Deep areas of Earth's oceans may absorb enough heat that warming of the surface pauses for as long as a decade, a new study has found.
The joint U.S. and Australian study shows that hiatus periods, when the warming of Earth's surface slows, may be a relatively common phenomenon linked to La Niña-like conditions.
While excess energy entering our climate system might not always warm the surface, the total amount of heat is still increasing, the researchers report in the latest issue of Nature Climate Change.
"In our model we found that most of the heat is going into the deep ocean at those times when the net temperature of the surface is flat," said study co-author Julie Arblaster, senior research scientist at the Bureau of Meteorology.
"These hiatus periods, or slow down periods, can happen from time to time even when there's additional energy coming into the system," says Arblaster.
The study illustrates one reason why global temperatures do not simply rise in a straight line, says lead author Gerald Meehl from the National Center for Atmospheric Research.
"We will see global warming go through hiatus periods in the future, however, these periods would likely last only about a decade or so, and warming would then resume," said Meehl.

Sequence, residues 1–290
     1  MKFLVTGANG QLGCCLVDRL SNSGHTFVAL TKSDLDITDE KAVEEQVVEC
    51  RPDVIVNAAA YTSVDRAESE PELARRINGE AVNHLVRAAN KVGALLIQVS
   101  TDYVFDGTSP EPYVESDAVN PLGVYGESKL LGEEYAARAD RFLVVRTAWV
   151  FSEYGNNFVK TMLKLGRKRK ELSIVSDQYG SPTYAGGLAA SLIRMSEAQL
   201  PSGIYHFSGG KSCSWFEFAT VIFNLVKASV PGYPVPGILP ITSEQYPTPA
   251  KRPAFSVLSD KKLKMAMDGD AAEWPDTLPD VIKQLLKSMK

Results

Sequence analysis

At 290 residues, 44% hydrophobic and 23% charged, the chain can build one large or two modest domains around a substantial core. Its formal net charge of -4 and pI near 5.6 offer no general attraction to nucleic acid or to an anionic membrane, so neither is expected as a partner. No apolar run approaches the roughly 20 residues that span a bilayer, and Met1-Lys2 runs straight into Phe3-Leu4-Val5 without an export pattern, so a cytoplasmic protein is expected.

The latest hiatus was during the decade of 2000-2009, when the average surface temperature of the Earth showed little increase, and even a slight decrease.
At the same time, measurements of the energy entering and leaving the top of the atmosphere found a total of roughly one watt per metre square was retained in Earth's climate system.
To find out where the heat was going, the researchers ran simulations using climate system models able to portray complex interactions within the environment. After supercomputers ploughed through the calculations, they found eight hiatus periods across the coming century to further investigate.
The simulations showed that during hiatus decades ocean temperatures above 300 metres were cooler than at other times, but waters below 300 metres warmed by around 18 per cent more than at other times.
A regional pattern appeared in the simulations, which was similar to what we observe in La Niña events — lower sea surface temperatures in the tropical Pacific, and warmer temperatures in the oceans 35 degrees north and south of the equator.
These patterns are related to changes in ocean circulation, said Arblaster.
"We found that heat is moving down due to strengthened circulation in the Pacific Ocean and weakened circulation in the North Atlantic."
As circulation decreases in the North Atlantic, less cooler water, such as from melted sea ice enters the deep sea, explains Arblaster.
"But more study is needed to see what leads to such changes [in ocean circulation] occurring."
Ming Feng, an oceanographer from the CSIRO who was not involved in the study, said it is "interesting research."
"This is a modelling exercise that shows a plausible explanation for why there is a cooling effect when heat is still entering the system," Ming said.